by : Alex Eperjessy
Today on Business&Games, Penny Arcade Adventures: On The Rain-Slick Precipice of Darkness. It's an adventure game, it has a title long enough to raise one of your eyebrows and it might just spearhead a new generation of episodic games created and published outside the sphere of big name companies. Let's see what perspectives this could open for both developers and advertisers. But first, a quick brief to acquaint you with the game's creators, before we move to talk about the game.
Penny Arcade is one of the best known webcomics, dealing primarily with video game-related subjects and doing so in a rather humorous way. They've been around for a good while now and it doesn't look like they're going anywhere. Besides, the comic's creators are busy people, having cyclical events such as the PAX gaming convention and Child's Play, a charity that's nothing short of awesome, under their belt. They did artwork for video games, they picked a tooth with a certain luna- erm, a certain lawyer known as Jack Thompson and then there's more. And now, they made a game. And called it OTRSPOD (see the first paragraph).
Developped by the PA creators (Jerry Holkins and Mike Krahulik) together with Hothead Games and Ron Gilbert, the game presents itself as an oldschool adventure game, vaguely reminiscent of old-school LucasArts titles. That is to say, the humorous tone made me think of Grim Fandango here and there. Good times.
In business terms however, OTRSPOD is the perfect example of capitalizing on an IP properly. Like one player put it, this isn't some cheap flash game with the Penny Arcade logo slapped in, this is Penny Arcade. And fans love it. According to Mike Krahulik, as far as Xbox 360 launches go, they've had the third best launch yet, measured in units sold over a period of three days. It also doesn't harm at all that the game is multi-platform, playable on windows, mac, linux and the Xbox. And according to a thread on the Greenhouse (the Hothead/PA store) forums, said fans found the 20 dollars price to be more than worth it, in terms of play time and quality.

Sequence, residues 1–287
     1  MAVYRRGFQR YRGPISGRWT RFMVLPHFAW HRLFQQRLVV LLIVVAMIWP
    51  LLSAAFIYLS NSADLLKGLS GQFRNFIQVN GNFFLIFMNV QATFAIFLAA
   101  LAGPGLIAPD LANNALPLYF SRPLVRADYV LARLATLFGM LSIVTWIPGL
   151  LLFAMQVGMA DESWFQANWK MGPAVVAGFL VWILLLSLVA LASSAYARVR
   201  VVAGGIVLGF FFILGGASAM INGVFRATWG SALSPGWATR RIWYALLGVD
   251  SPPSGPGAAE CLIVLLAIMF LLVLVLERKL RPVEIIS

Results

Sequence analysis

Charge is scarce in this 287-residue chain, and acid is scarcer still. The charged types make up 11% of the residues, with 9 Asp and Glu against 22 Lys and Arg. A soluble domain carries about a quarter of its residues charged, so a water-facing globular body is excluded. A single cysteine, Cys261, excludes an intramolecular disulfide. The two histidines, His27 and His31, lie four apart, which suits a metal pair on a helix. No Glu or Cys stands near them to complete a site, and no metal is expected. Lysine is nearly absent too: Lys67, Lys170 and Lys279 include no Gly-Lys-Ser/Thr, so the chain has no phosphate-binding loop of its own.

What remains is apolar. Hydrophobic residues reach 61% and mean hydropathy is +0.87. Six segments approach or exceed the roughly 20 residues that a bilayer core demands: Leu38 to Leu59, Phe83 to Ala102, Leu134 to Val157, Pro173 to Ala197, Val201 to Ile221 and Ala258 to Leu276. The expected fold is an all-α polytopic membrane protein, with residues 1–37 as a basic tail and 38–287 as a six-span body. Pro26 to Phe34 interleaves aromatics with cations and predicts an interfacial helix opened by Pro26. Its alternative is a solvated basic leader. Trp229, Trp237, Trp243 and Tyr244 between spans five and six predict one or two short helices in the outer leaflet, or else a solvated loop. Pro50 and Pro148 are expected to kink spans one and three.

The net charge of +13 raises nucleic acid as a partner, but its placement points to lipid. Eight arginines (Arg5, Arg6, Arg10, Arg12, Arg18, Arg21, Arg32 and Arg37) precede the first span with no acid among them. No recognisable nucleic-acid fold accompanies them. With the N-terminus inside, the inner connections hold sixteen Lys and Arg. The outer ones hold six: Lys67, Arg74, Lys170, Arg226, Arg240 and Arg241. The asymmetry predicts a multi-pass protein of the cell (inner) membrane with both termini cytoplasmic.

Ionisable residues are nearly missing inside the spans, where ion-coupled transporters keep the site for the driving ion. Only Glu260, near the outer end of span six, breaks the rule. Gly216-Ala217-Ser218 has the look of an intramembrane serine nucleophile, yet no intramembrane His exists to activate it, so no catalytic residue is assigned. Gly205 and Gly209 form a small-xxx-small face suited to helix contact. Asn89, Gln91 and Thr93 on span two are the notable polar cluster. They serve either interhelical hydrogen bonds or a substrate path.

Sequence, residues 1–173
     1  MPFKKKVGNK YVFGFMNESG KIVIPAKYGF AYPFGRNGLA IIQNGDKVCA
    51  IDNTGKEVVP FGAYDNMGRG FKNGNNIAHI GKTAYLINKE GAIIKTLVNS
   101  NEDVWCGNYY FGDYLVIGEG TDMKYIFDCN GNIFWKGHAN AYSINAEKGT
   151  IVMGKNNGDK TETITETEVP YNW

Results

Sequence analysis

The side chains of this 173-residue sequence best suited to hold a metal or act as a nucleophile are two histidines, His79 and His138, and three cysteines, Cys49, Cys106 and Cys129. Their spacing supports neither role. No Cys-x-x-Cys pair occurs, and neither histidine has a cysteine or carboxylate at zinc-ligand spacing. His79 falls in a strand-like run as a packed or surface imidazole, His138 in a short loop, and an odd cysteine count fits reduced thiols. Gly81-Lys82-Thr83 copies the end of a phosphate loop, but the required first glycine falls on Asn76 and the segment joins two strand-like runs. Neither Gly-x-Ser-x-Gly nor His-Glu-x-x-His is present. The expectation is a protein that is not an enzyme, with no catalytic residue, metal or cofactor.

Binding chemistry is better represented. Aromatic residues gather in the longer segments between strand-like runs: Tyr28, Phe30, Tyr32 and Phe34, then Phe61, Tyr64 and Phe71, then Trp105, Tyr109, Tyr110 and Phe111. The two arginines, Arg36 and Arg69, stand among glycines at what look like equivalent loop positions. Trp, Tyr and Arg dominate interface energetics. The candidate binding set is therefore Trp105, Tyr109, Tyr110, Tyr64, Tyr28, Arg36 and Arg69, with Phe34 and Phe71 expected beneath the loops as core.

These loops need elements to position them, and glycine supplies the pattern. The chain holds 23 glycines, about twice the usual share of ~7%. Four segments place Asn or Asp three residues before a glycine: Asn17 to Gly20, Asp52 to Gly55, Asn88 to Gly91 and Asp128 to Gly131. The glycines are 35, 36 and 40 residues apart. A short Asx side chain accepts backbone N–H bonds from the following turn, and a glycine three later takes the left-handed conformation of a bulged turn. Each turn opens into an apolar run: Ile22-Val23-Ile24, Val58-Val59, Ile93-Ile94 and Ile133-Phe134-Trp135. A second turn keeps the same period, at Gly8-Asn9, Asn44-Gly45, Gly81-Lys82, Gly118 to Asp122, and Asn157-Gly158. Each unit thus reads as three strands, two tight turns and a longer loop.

One question popped up about On the Rainslick though...fan reception aside, does the game have enough of a kick to a) attract players not familiar with Penny Arcade and b) make a second episode viable? Penny Arcade thinks so, but some reviewers disagree, saying the game might be lacking the openness needed to attract Penny Arcade outsiders. For my part, I'll say that the game is indeed rather hermetic, using humour and refferences that those unfamiliar with PA might even find...disturbing. However, it is a damn good adventure game and, between broken MMOs and glossy but dumb shooters, I'm certainly welcoming it.
Whether the game being so accurate in targeting its audience is a good or a bad thing, I'm not sure yet. I know that my mom wouldn't appreciate it for example but then again, they didn't make it for her. And sure, it won't be as widely popular as Wii Sports for example, but it's a thrill to the Penny Arcade fan base, base which might even grow as the game spreads. Like they say, to each their own.
And if the game has anything, it's individuality. Of course, it's easy when your brand has a very strong and unique identity and operates in a medium that neighbours video games. But even so, it gives that feeling of certainity (oh yeah, this is definitely Penny Arcade). And frankly, anything short of that would've been pretty disappointing. So kudos to them. Think of the difference between "this is that <brand x> game" and "this is that game with the <brand x> logo". The latter doesn't quite cut it, does it now?
So can the model that OTRSPOD and Sam&Max adopted grow? It certainly can, and there's room for everyone on board. Advertisers will realize that the episodic nature of the games leaves room for a lot of creativity. And then, self-published games by small developing houses would get some wind in their sails. Of course, I'm not talking about simple advergames here. I'm merely imagining the amount of experimenting that could take place within such a model (episodic games with short development circles, produced outside big name houses, hovering in-between the small casual games and the megastudio-pulling locomotives). Indeed there is much potential here. Already there are news of MMOs that try to take content delivery beyond the release-patch-patch-patch-expand-patch formula and this should be interesting to witness, to say the least.